Fasting in Ramadan is based on a rationale. One, it is prescribed for a fixed number of days. Two, specially circumstanced are exempted. Specially circumstanced could be the persons suffering illness, or the ones on a journey. It may also include persons bound to face hardship, were they to fast, such as the ones in advanced age. The exemption granted in such instances is nevertheless conditional, as enshrined:
‘’(Fasting) is for a fixed number of days; but anyone of you is ill or on a journey, the prescribed number of days (should be made up) from days later. For those who can do it (with hardship), is a ransom, feeding of one that is indigent. But he that will give more, of his own free will—it is better for him. And it is better for you that ye fast, if ye only know.’’ (2:184)
The person suffering an illness during the period of Ramadan may make up the number of days; he did not fast, later. Same holds true for the ones on journey. The exemption granted for journey is commented upon in a varied manner by different commentators. While some say three marches, others make it more precise by making it a journey of 16 farsakhs (48 miles). However this is again open to varied interpretations, subjected to whether a journey is undertaken on foot, on an animal ride, such a camel, or on modern means of transportation, such as an automobile or aircraft. Hence it is related to, what the case might be, and how could it be determined. In such circumstances, a person has to be their own judge.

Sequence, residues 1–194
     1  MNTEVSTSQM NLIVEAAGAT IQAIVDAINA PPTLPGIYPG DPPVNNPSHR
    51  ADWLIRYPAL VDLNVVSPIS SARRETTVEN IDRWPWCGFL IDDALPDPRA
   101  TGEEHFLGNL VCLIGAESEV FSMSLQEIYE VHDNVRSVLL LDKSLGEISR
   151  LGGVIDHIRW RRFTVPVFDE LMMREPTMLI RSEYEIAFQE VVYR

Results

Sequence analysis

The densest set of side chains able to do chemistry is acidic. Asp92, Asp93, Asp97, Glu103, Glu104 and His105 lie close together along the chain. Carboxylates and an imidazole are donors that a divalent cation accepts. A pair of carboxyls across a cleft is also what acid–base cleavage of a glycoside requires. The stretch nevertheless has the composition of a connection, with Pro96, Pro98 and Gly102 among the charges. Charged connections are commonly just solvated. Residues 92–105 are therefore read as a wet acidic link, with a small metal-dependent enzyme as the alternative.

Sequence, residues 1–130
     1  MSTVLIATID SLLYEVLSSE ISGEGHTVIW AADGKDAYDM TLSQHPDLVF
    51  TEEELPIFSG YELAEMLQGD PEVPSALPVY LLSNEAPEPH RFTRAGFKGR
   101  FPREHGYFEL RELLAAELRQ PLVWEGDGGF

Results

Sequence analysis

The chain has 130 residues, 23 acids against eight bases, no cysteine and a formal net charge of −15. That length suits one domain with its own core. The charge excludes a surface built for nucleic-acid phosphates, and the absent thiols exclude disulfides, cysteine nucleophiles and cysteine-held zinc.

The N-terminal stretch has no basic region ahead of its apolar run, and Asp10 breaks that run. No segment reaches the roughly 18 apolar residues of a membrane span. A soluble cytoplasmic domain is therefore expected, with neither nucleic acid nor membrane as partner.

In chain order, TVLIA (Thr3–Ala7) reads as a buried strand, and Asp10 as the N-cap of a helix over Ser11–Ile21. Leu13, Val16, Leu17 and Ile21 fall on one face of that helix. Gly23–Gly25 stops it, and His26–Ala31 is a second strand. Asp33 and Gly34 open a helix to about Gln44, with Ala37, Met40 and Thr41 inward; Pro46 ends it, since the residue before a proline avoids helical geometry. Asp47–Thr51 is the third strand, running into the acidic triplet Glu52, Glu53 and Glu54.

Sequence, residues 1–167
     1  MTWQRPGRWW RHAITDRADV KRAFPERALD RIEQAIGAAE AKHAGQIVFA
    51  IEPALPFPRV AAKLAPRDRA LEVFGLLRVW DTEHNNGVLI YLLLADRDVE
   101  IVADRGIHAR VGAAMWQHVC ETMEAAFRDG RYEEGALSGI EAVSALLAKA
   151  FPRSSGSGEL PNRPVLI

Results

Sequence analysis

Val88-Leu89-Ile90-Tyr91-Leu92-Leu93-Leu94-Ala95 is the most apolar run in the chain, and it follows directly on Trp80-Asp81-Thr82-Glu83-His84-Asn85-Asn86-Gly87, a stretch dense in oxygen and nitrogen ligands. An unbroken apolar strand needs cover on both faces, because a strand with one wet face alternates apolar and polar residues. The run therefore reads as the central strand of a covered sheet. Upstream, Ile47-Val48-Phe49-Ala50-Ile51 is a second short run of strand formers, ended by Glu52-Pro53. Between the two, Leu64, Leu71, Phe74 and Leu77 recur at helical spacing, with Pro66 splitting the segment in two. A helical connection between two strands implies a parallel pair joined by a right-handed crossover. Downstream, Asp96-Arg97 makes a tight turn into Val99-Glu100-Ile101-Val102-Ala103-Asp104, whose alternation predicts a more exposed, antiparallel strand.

Persons with advanced age, for whom it is hard to undertake a fast, may feed one indigent person instead. But as the Holy Verse lies down, he may do more, of his free will. Exemption is granted also for a lady, who is carrying or lactating a baby, however some schools of thought suggest that it may be made up later.
Having made a provision for persons with advanced age and specially circumstanced, the principle holds, as noted in the conclusion—‘’And it is better for you that ye fast, if ye only know.’’